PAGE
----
Minibuses provide a vital service for many people and organisations. However, driving a minibus is significantly different from driving a car. A minibus is larger, longer, wider and heavier than a car, and its steering, cornering and braking characteristics are markedly different. Another important difference is the number of passengers being carried, some of whom may have additional needs, may be taken ill on the journey, and who may need supervising. The basis on which you can drive is different from a car.
This guidance is to assist anyone, including charities and voluntary organisations, who operate a minibus service to carry passengers. It is an employers duty of care, under Health and Safety legislation, to ensure as far as reasonably practicable the health and safety of their employees and others who may be affected by their work duties. This includes the activity of driving on the public roads.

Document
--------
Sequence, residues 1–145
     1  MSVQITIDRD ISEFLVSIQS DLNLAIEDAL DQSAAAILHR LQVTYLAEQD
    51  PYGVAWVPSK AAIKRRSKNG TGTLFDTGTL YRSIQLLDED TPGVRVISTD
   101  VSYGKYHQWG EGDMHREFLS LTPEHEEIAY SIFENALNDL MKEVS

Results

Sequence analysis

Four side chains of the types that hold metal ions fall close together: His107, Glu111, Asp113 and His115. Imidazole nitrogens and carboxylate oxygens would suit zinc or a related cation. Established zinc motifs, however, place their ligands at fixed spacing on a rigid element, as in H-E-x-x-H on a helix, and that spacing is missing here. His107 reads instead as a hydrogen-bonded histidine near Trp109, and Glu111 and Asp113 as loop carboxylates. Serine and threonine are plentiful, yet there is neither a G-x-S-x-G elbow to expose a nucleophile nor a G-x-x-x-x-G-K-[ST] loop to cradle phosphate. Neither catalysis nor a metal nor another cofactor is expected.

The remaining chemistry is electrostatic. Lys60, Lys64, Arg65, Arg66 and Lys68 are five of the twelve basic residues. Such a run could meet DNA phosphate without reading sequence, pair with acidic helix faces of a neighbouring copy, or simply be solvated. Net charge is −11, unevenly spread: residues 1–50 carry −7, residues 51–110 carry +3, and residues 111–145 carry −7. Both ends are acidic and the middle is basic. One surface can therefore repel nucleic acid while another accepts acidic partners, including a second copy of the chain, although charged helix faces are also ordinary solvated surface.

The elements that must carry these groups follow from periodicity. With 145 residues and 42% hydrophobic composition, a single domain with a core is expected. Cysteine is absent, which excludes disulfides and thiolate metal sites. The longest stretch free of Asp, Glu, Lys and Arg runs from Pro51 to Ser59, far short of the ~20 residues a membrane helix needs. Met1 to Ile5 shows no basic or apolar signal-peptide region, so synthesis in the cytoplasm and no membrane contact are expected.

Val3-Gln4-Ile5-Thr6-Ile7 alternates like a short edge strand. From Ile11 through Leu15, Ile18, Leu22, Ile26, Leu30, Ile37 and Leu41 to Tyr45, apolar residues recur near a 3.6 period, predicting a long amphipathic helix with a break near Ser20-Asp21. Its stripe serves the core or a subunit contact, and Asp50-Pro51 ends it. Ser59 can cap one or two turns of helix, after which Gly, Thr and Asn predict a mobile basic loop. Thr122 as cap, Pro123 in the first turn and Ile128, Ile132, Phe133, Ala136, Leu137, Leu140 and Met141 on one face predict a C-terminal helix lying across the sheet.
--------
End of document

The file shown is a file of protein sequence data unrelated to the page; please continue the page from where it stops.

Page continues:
Operators must comply with all relevant legal requirements, the advice in the Highway Code, and take all other reasonable measures to protect the driver, the passengers and other road users from collision and injury risk.
Essentially, this means that the minibus operator should conduct suitable risk assessments and ensure that journeys are safe, drivers are fit and competent, and the minibus is fit-for-purpose and in a safe condition.
The term 'must' implies a legal duty, 'should' is good practice and 'consider' is to be aware. The use of the terms must, should, good and best practice are the opinions of the authors only. The information herein should not be regarded as a definitive interpretation of the law.